Patellofemoral joint stress during running in females with and without patellofemoral pain.Knee. 2012 Oct; 19(5):703-8.KNEE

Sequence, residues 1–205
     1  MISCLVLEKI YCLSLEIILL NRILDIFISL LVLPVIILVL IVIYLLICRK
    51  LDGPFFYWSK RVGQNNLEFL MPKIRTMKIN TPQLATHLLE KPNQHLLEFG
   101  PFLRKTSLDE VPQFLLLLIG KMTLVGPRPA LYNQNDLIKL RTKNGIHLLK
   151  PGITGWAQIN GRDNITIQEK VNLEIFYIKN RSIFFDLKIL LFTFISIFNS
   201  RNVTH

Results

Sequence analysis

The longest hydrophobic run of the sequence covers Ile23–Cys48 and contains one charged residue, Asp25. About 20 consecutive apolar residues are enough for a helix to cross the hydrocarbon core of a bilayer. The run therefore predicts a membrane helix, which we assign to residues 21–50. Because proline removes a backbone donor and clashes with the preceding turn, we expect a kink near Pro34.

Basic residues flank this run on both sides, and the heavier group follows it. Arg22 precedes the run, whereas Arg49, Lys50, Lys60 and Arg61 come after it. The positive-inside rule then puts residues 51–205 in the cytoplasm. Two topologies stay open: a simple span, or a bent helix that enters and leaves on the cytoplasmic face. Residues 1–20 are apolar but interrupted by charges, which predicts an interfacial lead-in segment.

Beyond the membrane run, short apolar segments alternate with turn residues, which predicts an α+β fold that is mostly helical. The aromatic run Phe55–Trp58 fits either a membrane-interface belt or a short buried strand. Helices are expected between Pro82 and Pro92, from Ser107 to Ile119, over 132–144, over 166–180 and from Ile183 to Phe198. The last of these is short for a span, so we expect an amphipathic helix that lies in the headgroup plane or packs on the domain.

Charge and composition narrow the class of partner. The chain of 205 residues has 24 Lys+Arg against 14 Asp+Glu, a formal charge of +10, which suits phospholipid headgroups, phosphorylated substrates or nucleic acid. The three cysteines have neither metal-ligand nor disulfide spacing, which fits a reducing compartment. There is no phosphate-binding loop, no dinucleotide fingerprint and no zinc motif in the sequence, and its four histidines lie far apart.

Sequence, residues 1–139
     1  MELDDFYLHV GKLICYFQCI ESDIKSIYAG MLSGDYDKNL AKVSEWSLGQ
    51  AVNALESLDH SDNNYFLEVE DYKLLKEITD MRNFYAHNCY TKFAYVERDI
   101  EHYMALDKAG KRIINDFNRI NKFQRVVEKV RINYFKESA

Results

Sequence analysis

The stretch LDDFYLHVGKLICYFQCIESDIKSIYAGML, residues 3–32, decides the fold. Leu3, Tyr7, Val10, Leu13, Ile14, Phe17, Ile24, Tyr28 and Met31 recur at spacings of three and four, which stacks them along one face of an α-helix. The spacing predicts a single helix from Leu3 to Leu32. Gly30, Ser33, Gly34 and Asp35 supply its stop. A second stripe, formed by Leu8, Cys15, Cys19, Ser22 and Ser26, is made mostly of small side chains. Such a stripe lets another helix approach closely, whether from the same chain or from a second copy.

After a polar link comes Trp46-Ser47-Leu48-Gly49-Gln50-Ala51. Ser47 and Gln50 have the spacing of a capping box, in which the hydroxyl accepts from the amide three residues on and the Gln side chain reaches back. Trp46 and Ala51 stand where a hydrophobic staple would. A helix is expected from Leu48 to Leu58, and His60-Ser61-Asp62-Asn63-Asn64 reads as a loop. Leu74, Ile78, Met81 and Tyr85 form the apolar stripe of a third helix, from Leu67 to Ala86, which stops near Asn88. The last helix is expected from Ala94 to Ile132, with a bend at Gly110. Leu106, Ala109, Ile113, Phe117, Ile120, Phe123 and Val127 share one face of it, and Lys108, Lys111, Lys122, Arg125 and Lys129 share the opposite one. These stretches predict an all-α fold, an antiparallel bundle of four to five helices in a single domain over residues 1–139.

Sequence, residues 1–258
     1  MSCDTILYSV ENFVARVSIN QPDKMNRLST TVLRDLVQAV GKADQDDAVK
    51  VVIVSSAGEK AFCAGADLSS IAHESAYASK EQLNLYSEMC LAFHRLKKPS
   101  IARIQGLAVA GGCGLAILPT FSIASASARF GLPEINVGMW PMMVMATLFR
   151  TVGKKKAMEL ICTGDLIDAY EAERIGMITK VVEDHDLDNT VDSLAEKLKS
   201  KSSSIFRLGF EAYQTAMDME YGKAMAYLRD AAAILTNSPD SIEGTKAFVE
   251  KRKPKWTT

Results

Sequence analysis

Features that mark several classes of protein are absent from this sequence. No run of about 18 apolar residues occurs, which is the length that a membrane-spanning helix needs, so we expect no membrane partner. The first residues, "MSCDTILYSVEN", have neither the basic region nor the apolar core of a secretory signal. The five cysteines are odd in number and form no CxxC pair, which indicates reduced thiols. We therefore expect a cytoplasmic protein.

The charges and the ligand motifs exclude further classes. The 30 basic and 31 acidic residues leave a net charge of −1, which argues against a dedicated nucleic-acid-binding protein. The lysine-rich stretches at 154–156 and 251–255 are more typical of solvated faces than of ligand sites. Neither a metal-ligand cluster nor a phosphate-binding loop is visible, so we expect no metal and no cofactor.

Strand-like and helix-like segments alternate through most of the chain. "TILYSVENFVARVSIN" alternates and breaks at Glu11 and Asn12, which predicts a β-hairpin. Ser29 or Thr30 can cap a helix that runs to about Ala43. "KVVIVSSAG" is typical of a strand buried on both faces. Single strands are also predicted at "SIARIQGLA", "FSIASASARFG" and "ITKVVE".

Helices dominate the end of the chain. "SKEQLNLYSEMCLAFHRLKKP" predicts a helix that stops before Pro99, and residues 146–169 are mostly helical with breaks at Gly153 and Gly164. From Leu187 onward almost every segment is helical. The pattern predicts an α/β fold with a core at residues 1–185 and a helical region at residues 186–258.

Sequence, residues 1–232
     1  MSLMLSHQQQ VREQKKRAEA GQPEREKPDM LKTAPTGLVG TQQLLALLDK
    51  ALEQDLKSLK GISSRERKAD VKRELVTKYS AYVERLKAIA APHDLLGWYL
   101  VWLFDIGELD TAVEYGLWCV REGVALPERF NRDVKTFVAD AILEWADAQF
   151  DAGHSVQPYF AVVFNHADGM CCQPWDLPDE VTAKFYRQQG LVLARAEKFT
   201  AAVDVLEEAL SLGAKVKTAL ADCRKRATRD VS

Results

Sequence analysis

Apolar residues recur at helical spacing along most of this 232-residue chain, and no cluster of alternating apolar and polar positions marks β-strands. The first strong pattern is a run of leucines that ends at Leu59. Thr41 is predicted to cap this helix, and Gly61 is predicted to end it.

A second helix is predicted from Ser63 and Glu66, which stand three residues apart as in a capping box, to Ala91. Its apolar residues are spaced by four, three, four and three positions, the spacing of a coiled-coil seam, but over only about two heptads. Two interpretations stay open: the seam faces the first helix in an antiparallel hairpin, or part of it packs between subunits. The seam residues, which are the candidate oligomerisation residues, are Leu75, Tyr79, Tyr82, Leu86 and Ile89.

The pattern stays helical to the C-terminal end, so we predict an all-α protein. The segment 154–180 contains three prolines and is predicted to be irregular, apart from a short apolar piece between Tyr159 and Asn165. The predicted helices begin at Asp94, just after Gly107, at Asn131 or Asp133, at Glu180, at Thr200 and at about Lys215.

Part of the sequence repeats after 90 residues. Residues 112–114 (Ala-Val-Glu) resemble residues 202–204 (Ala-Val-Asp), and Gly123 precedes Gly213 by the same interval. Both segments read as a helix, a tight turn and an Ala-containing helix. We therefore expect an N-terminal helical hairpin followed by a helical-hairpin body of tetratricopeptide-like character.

Patellofemoral pain (PFP) is a common complaint among female runners. The etiology for PFP is frequently associated with increased patellofemoral joint stress (PFJS) and altered hip and knee joint kinematics during running. However, whether PFJS during running is increased among runners with PFP is unknown. The primary aim of this study was to compare PFJS during running among females with and without PFP. We also compared hip and knee transverse plane kinematics during running due to their potential influence on patellofemoral contact area and PFJS. Three dimensional hip and knee running kinematics and kinetics were obtained from 20 females with PFP and 20 females with no pain. Patellofemoral joint stress during running was estimated using patellofemoral contact area and a sagittal plane patellofemoral joint model previously described. Patellofemoral joint stress, PFJS-time integral, and hip and knee transverse plane kinematics at the time of impact peak and peak ground reaction force were compared between groups using a multivariate analysis of variance. The results show that peak PFJS and PFJS-time integral were similar between groups. Peak knee flexion angle and net knee extension moment were not different between groups. However, females with PFP demonstrated hip internal rotation that was 6° greater (P=0.04) when ground reaction forces were greatest. The extent these results are influenced by compensations for pain is unclear. However, if increased PFJS contributes to the etiology or exacerbation of PFP, interventions to minimize altered transverse plane hip kinematics may be indicated among runners who demonstrate this characteristic.